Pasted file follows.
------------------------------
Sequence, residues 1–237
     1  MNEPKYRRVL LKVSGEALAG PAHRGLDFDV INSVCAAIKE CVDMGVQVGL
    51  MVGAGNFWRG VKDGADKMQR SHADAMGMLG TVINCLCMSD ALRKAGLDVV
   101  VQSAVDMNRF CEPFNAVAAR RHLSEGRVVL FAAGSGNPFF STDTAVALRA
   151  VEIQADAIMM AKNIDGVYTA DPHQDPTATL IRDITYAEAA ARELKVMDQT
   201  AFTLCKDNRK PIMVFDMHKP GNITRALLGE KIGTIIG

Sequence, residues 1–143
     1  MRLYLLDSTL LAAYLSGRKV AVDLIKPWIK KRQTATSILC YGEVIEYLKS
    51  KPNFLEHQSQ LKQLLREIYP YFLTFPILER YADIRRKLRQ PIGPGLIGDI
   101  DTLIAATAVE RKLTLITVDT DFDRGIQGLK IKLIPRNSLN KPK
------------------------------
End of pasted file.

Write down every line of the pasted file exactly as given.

Sequence, residues 1–237
     1  MNEPKYRRVL LKVSGEALAG PAHRGLDFDV INSVCAAIKE CVDMGVQVGL
    51  MVGAGNFWRG VKDGADKMQR SHADAMGMLG TVINCLCMSD ALRKAGLDVV
   101  VQSAVDMNRF CEPFNAVAAR RHLSEGRVVL FAAGSGNPFF STDTAVALRA
   151  VEIQADAIMM AKNIDGVYTA DPHQDPTATL IRDITYAEAA ARELKVMDQT
   201  AFTLCKDNRK PIMVFDMHKP GNITRALLGE KIGTIIG

Sequence, residues 1–143
     1  MRLYLLDSTL LAAYLSGRKV AVDLIKPWIK KRQTATSILC YGEVIEYLKS
    51  KPNFLEHQSQ LKQLLREIYP YFLTFPILER YADIRRKLRQ PIGPGLIGDI
   101  DTLIAATAVE RKLTLITVDT DFDRGIQGLK IKLIPRNSLN KPK